WHO concerned over sustained transmission of monkeypox

WHO concerned over sustained transmission of monkeypox

The World Health Organization warned that sustained transmission of monkeypox could cause the disease to move into high risk groups, such as pregnant women, immunocompromised people and children.

The WHO said it was investigating reports of infected children, including two cases in Britain, as well as following up reports in Spain and France.

None of the cases in children have been severe.

The virus has been identified in more than 50 countries outside of the African nations where it has been endemic.

The WHO is calling for testing to be ramped up, as cases in those countries are rising.

I'm concerned about sustained transmission because it would suggest that the virus is establishing itself and could move into high risk groups like children, the immunocompromised and pregnant women, WHO chief Tedros Adhanom Ghebreyesus said.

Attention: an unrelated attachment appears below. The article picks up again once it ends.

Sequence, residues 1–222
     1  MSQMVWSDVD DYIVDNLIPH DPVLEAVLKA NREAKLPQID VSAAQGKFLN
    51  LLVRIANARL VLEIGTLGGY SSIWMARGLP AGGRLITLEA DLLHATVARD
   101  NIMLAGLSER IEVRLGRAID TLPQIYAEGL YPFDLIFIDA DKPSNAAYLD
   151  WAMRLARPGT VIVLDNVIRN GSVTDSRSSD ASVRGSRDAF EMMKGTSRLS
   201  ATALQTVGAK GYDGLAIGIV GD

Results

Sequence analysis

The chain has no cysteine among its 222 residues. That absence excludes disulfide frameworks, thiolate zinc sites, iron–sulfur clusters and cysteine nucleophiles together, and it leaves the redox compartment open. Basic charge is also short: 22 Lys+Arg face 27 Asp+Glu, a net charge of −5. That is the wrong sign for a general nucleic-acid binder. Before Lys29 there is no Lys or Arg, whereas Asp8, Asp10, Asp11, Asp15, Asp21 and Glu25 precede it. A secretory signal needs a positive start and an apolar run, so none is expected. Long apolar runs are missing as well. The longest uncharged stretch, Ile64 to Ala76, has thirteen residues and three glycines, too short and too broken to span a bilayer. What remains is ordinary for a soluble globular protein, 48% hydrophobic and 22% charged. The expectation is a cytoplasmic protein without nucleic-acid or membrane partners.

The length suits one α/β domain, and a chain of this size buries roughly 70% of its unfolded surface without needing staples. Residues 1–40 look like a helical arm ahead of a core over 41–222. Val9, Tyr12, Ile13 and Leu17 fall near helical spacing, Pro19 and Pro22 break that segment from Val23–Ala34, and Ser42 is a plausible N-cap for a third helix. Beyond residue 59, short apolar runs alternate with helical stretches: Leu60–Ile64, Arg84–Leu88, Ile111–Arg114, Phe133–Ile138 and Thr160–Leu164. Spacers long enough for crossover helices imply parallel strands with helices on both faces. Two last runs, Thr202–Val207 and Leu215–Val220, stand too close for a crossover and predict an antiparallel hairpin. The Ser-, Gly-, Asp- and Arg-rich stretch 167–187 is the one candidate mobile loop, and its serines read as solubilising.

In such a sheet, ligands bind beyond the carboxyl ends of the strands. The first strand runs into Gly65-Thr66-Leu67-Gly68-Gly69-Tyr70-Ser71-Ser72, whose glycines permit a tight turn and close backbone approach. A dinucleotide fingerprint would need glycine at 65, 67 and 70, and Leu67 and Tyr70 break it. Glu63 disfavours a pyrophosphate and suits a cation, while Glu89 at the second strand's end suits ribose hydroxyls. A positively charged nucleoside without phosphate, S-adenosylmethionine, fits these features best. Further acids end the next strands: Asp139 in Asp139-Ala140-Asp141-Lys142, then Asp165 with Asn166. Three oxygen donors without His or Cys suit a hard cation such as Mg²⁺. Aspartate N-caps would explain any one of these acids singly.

Since the outbreak began in May, there have been more than 3,400 cases of monkeypox, and one death, mainly in Europe among men who have sex with men, according to a WHO tally.

There have been more than 1,500 cases and 66 deaths in countries this year where it is more commonly spread.

Last week, the WHO ruled that the outbreak did not represent a public health emergency, its highest level of alert.

The WHO's emergency programme executive director Mike Ryan said that the WHO was closely monitoring the outbreak and would reconvene the committee as soon as possible to assess whether this was still the case.

He said that WHO was working on a mechanism to distribute vaccines more equitably after countries like Britain and the US suggested they were willing to share their stockpiled smallpox vaccines, which also protects against monkeypox.